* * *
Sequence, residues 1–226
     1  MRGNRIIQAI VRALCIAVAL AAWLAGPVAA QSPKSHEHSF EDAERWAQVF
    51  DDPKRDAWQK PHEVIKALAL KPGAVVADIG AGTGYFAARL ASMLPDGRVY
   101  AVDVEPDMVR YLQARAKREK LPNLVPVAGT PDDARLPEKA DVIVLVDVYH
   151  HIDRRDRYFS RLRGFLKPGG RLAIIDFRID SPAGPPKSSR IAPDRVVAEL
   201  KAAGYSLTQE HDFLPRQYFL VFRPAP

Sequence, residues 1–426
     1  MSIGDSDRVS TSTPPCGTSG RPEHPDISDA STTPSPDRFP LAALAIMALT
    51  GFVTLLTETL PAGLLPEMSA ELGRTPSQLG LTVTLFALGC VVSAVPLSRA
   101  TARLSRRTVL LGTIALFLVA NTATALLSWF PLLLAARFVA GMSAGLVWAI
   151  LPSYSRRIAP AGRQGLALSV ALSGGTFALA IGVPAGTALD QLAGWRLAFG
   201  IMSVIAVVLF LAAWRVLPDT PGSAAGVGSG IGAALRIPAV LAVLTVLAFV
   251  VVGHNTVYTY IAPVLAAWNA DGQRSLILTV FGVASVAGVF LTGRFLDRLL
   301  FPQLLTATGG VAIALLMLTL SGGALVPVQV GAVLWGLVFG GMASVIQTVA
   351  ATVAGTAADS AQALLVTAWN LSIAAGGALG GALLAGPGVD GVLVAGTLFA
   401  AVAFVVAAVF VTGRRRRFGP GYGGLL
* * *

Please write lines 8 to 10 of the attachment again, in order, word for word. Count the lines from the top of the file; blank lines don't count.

     1  MSIGDSDRVS TSTPPCGTSG RPEHPDISDA STTPSPDRFP LAALAIMALT
    51  GFVTLLTETL PAGLLPEMSA ELGRTPSQLG LTVTLFALGC VVSAVPLSRA
   101  TARLSRRTVL LGTIALFLVA NTATALLSWF PLLLAARFVA GMSAGLVWAI